A Richmondshire councillor has questioned claims there is “widespread support” for devolution in North Yorkshire after almost half of respondents to a consultation over the proposed governance change declined to back it.
North Yorkshire County Council’s Conservative-run executive will next Tuesday be asked to consider pressing ahead with plans to create a devolved government for the county and York, which it claims will bring “a host of benefits”, including new jobs, more affordable housing and measures to tackle climate change.
The council’s leader, Councillor Carl Les, said: “To have so many people taking part in the public engagement is very welcome, as it shows the interest that is there on the proposed devolution deal.
“The responses will be carefully considered by the county council before a decision is taken to submit the results of the engagement to the Government.”
Ahead of the meeting the authority issued a press release highlighting “widespread support” for its proposals, however a council report to the executive underlines some 46 per cent per cent of respondents to the consultation did not support the planned governance arrangements.
Leader of the opposition Independents group on the authority, Councillor Stuart Parsons, said: “I find it astounding that the council believes the support for its devolution proposals is widespread.
“I would have thought if they had got 60 to 70 per cent support they could claim that is widespread, but at the moment it sounds like it is thinly spread.”
An officer’s report to the executive recommends it endorses sending the consultation’s results to ministers to open the way for a combined authority, overseen by an elected mayor, which is scheduled to be established later this year.
Organisations ranging from the Tees Valley Combined Authority, the York to the Yorkshire Food, Farming and Rural Network said they recognised the proposed combined authority was a tried and tested way of building strong local leadership with new powers.
Of the 583 people who provided comments that supported the proposed governance arrangements, numerous people raised concerns over increased bureaucracy.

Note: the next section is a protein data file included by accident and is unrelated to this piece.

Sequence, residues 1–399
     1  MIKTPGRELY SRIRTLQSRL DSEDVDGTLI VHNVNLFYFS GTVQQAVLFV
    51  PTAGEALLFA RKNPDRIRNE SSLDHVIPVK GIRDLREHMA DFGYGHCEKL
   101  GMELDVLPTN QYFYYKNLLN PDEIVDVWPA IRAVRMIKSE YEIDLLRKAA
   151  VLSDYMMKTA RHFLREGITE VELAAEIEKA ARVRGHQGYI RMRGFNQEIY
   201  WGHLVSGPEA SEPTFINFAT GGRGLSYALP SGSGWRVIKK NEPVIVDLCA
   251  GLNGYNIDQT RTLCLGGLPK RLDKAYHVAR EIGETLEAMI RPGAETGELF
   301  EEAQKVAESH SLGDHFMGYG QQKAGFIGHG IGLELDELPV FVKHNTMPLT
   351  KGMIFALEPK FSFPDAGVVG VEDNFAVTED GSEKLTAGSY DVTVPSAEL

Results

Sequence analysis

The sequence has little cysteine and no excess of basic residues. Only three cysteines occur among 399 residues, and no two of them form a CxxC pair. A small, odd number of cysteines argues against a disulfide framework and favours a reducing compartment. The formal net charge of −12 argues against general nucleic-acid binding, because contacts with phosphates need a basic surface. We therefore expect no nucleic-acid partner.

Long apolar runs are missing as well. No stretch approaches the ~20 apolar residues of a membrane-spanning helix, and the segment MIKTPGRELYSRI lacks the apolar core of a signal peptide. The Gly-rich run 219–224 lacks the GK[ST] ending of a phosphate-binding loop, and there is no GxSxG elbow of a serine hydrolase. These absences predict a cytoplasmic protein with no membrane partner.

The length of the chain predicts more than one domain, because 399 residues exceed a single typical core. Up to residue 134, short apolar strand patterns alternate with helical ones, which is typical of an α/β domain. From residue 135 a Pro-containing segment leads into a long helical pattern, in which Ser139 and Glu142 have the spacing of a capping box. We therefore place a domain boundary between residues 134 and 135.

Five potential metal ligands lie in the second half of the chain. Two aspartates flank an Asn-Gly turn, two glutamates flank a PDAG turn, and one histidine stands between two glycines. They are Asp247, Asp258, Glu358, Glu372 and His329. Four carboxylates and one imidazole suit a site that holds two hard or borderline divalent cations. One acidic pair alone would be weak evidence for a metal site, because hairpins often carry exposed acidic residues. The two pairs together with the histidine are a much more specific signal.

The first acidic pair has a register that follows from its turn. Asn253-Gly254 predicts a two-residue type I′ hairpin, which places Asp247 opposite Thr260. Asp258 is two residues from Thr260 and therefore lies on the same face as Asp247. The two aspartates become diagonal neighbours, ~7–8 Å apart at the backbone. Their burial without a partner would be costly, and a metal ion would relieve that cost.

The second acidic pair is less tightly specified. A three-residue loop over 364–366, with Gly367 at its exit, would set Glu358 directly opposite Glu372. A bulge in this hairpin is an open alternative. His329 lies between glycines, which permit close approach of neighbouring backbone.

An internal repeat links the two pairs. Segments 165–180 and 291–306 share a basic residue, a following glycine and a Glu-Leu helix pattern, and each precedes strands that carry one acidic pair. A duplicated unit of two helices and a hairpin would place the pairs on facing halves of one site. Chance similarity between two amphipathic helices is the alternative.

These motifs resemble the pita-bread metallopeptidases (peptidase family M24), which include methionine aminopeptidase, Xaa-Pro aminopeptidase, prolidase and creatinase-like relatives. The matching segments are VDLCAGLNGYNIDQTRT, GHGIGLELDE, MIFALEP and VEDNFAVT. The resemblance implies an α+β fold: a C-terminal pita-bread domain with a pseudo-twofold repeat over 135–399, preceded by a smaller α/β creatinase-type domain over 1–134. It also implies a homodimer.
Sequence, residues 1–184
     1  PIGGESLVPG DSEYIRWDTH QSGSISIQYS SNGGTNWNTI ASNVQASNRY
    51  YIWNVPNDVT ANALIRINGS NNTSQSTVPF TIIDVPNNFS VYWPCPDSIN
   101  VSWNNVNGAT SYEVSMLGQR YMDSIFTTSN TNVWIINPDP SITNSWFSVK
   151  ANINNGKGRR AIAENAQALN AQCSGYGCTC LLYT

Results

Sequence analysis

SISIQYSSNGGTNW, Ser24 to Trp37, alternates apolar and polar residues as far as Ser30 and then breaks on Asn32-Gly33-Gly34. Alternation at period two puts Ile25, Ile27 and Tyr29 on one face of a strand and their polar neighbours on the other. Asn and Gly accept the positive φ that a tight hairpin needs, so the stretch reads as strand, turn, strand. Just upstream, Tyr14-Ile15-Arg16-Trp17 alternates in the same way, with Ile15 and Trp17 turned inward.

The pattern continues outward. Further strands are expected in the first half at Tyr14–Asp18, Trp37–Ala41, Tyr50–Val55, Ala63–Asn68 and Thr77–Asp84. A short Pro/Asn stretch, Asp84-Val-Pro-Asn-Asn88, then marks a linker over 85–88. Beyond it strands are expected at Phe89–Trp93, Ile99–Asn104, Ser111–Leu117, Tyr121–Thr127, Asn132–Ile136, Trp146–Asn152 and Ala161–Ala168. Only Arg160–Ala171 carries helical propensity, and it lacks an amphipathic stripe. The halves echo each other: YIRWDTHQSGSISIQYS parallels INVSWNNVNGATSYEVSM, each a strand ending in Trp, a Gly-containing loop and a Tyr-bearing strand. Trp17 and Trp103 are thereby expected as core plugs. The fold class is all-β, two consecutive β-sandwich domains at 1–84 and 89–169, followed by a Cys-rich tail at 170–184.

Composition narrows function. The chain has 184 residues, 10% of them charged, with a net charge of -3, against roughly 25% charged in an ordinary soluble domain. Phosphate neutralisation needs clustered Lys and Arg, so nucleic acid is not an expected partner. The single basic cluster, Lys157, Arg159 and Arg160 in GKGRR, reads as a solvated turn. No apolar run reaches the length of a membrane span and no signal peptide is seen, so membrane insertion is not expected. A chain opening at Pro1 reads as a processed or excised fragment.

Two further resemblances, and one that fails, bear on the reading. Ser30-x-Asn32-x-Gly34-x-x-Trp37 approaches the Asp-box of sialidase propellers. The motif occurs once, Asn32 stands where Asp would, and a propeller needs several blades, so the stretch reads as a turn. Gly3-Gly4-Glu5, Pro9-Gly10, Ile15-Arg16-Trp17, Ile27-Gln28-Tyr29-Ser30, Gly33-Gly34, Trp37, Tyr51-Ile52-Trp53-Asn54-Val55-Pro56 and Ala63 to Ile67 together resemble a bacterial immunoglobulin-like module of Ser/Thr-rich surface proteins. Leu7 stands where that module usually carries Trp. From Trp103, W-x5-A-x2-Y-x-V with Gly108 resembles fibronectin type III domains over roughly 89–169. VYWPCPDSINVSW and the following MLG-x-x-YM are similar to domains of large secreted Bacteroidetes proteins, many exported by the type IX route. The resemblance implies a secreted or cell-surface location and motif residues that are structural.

However, others said the proposal would result in an increase in democratic accountability, decentralising decision-making in York and North Yorkshire, enabling councils to “work together as one instead of piecemeal” and magnify the area’s voice on the national stage.
Supporters of the proposed deal said York and North Yorkshire could not compete for government funding with big cities in isolation and the proposed mayoral combined authority would offer both a stronger voice and routes to new and enhanced funding.
Nevertheless, of the 501 people who opposed the proposals, many raised concerns about increased bureaucracy, while others said there were too many politicians in the area without having the expense of a mayor and associated staff.
Opponents of the proposed devolution deal said it would introduce an additional layer of local government almost immediately after combining district, borough and county councils into a singular North Yorkshire Council.
Opponents also said the proposed system would erode democratic accountability, increasing distances between residents and
decision-makers, taking power away into the large centres of population.
There were concerns expressed over the proportionality of representation between York and North Yorkshire, with many arguing that it would be fairer for the number of decision-making representatives on the proposed combined authority to be based on the two area’s populations.